Those of you familiar with my relief sculpture know that my signature is the crackled surface as seen here on
As a painter, I’ve always been interested in surface as well as meaning. In my explorations of mixed media, I became intrigued with the idea of the crackled surface. The inspiration for using it probably harks back to my youth, living in the countryside close to the Earth and being fascinated by the patterns in the drying mud as the ponds drew down in the summer heat.
In the 1990’s as I began experimenting with ways of making the crackled surface and ways of coloring it, I came to realize it is a visual reference for many other things that occur in nature–the veins of a leaf, the spider-web, the branching of tree growth, the patterns of the forest, blood vessels, reptile scales, dragonfly wings, an aged face. It’s all of those things, because they all share a common underlying branched structure. It is up to me to use it expressively, with or without the narrative. I work color through the veined surface conveying emotion and ultimately thought and connection. Connection because we recognize the mystery of the similarities of different life forms.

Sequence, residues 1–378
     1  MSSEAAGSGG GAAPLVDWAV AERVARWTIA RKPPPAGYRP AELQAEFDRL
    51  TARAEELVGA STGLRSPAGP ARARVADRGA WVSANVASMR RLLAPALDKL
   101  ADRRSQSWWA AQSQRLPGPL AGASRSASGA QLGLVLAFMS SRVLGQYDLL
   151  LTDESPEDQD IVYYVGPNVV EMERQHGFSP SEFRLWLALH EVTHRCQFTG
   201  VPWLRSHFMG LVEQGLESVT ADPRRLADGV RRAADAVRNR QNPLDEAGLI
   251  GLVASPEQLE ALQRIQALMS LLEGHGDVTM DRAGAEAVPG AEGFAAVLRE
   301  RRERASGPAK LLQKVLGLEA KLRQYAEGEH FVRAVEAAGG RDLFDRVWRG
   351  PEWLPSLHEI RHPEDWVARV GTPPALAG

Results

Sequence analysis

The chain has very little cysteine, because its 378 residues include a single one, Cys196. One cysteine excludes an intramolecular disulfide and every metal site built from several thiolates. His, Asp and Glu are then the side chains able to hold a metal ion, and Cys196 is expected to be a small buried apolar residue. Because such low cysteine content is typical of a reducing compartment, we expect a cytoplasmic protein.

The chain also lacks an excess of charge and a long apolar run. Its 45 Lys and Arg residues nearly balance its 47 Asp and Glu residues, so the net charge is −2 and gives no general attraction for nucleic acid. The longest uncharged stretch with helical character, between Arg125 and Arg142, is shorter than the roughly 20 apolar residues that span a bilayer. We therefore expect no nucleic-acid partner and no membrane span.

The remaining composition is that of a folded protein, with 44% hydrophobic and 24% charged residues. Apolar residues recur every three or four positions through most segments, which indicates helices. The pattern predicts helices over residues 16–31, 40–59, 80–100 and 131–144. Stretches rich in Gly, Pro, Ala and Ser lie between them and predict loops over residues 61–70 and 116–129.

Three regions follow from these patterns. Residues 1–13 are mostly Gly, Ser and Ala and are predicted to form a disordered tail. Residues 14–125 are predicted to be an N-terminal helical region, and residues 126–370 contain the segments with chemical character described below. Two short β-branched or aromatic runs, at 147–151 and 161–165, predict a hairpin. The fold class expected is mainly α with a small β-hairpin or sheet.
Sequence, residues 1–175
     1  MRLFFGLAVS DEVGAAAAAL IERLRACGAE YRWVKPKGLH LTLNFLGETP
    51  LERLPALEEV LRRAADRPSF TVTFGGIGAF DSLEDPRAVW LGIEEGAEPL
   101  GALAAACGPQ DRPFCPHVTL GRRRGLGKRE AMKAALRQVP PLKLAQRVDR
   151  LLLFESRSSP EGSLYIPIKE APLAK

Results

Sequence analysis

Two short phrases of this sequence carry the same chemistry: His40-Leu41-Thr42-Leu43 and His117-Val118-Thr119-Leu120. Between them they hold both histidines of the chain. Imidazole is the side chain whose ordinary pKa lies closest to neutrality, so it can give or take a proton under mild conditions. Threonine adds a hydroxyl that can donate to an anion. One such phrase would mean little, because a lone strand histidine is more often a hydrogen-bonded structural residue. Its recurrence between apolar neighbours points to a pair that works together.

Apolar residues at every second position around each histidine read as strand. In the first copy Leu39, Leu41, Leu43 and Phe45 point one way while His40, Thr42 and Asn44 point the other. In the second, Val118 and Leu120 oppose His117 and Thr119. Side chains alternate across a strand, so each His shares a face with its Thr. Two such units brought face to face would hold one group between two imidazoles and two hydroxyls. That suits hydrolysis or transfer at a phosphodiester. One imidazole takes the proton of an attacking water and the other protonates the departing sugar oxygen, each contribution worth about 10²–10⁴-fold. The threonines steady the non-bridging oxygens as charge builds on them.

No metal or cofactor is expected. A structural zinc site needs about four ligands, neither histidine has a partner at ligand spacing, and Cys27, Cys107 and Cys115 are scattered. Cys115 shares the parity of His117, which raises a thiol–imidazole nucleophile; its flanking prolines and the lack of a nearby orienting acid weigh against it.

In this recent series of “parallel paths”, the opposition to the fractured side is one expressing stable balance for the emotional life, allowing it to burst or seep forth, receiving it, supporting it, complimenting and yet giving tension enough to create movement. The two together are an expression of life, a metaphor if you will for the patterns and coordination of life….the image of tranquil balance.
36″ square. Paint & acrylic emulsion on wood with stainless steel bar. “Parallel Paths”